Archive for the ‘Business’ Category
Tim Johnson reports for McClatchy:
SAN ISIDRO, EL SALVADOR — Somewhere trapped in the earth below Francisco Pineda’s feet are an estimated 1.4 million ounces of gold, and he wants the ore to remain there.
He doesn’t want an Australian mining company to extract the metal.
“What will happen with the water? To separate the gold and silver, they’ll use cyanide. This will either filter into the water table or go into the river,” said Pineda, a stocky agronomist and environmental activist.
Those who share Pineda’s views don’t care if El Salvador remains the proverbial beggar seated on a bench of gold. They say their densely populated nation cannot absorb environmental distress from mining.
Yet the choice is not theirs.
The fate of the El Dorado gold mine won’t be resolved anywhere near this tiny Central American country. Rather, it’s being weighed by a three-judge tribunal on the fourth floor of the World Bank headquarters in Washington.
Last month, the obscure court heard eight days of arguments over whether an Australian firm,OceanaGold Corp., will get a green light for the El Dorado project, or in its lieu receive $301 million in compensation. Sometime early in 2015, the tribunal, known formally as the International Center for Settlement of Investment Disputes, will issue its ruling.
The unusual jurisdiction is a sign of how international investment laws are empowering corporations to act against foreign governments that curtail their future profits, sometimes through policy flip-flops. Critics say it’s giving trade tribunals leverage over sovereign nations and elected leaders who presumably reflect the will of their people.
The lawsuit could put El Salvador in a dilemma: Either allow OceanaGold to mine or pay the $301 million the company says it would’ve earned from the gold.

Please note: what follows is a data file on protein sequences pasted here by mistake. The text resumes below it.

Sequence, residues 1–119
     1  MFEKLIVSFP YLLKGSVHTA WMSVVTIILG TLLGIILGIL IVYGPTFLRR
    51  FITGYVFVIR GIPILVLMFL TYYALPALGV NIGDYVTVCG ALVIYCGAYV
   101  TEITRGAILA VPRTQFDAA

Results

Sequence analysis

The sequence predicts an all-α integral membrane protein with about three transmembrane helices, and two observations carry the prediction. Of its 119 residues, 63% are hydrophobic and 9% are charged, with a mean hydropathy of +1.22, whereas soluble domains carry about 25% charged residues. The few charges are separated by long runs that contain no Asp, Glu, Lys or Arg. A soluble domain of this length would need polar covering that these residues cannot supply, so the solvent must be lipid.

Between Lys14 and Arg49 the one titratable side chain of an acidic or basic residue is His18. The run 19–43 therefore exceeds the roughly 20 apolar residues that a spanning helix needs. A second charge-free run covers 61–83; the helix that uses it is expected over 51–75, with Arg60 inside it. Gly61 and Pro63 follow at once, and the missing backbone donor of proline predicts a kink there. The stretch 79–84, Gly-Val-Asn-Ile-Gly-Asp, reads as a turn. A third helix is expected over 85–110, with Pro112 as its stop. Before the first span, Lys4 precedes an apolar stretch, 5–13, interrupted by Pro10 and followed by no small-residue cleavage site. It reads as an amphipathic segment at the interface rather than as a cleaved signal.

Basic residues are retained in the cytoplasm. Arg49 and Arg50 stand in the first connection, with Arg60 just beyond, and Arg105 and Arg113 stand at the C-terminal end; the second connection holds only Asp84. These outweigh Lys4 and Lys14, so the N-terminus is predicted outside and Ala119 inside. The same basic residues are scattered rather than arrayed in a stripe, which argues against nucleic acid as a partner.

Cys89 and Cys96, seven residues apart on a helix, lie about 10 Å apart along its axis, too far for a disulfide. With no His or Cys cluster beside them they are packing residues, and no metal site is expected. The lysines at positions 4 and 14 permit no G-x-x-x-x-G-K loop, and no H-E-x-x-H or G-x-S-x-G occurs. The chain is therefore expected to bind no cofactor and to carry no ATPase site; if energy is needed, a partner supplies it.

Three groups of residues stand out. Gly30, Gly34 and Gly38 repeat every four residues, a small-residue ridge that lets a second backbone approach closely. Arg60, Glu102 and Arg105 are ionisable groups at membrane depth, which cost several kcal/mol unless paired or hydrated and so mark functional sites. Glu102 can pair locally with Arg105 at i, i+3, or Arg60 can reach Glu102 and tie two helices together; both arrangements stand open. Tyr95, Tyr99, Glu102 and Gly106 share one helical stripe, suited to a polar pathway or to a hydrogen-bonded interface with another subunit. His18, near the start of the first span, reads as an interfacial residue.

“For us, it is very tough that three judges will be deciding this case. They’ve never been here. They’ve never asked us what we want. It is really ugly that someone is deciding our future without asking our opinion,” Pineda said.
Suspicions run deep over the project, which has spawned violence. Four mining opponents were killed from 2009 to 2011. None of the homicides has been fully resolved.
The company now at the center of the conflict, . . .
Take a look at this chart, from a Slate article by Eliot Spitzer:
Two things should be evident: the US marginal tax rate is currently VERY low (even compared with our own history, much less compared to developed nations in the EU), and that dropping the marginal tax rate has zero effect on GDP: the notion that we would get lots of economic growth from cutting taxes is quite clearly false—and always has been. (Kansas is finding that out now. Thanks, Kansas, for taking one for team.)
Obviously, without tax revenue, government expenditures must be cut—or, to put it more bluntly, government services that help the public will be shut down. (One could, of course, say that a lot of tax money is spent for the wrong things—e.g., the $7.6 billion totally wasted in trying to shut down the opium trade in Afghanistan: we spent $7.6 billion, and the trade increased. The money may as well have been burned. And let’s not even talk about the $2 trillion Iraq war, which opened the door to jihadist revolution now underway.)